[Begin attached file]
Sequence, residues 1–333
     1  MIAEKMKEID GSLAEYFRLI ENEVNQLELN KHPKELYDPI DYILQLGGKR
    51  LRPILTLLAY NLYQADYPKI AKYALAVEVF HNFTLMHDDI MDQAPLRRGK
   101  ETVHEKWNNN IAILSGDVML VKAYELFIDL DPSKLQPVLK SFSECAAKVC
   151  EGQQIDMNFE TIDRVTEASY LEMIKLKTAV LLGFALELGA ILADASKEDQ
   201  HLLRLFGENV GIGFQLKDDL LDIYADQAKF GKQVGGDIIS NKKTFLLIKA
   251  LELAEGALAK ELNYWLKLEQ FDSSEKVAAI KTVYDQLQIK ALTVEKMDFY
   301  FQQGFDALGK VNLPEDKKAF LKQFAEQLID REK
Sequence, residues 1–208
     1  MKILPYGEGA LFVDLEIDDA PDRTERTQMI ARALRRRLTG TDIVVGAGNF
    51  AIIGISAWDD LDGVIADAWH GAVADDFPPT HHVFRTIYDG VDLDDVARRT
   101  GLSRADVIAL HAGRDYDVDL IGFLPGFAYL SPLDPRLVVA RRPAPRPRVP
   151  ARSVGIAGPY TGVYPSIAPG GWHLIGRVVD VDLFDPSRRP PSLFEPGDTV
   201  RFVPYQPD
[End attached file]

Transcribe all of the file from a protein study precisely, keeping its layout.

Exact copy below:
Sequence, residues 1–333
     1  MIAEKMKEID GSLAEYFRLI ENEVNQLELN KHPKELYDPI DYILQLGGKR
    51  LRPILTLLAY NLYQADYPKI AKYALAVEVF HNFTLMHDDI MDQAPLRRGK
   101  ETVHEKWNNN IAILSGDVML VKAYELFIDL DPSKLQPVLK SFSECAAKVC
   151  EGQQIDMNFE TIDRVTEASY LEMIKLKTAV LLGFALELGA ILADASKEDQ
   201  HLLRLFGENV GIGFQLKDDL LDIYADQAKF GKQVGGDIIS NKKTFLLIKA
   251  LELAEGALAK ELNYWLKLEQ FDSSEKVAAI KTVYDQLQIK ALTVEKMDFY
   301  FQQGFDALGK VNLPEDKKAF LKQFAEQLID REK
Sequence, residues 1–208
     1  MKILPYGEGA LFVDLEIDDA PDRTERTQMI ARALRRRLTG TDIVVGAGNF
    51  AIIGISAWDD LDGVIADAWH GAVADDFPPT HHVFRTIYDG VDLDDVARRT
   101  GLSRADVIAL HAGRDYDVDL IGFLPGFAYL SPLDPRLVVA RRPAPRPRVP
   151  ARSVGIAGPY TGVYPSIAPG GWHLIGRVVD VDLFDPSRRP PSLFEPGDTV
   201  RFVPYQPD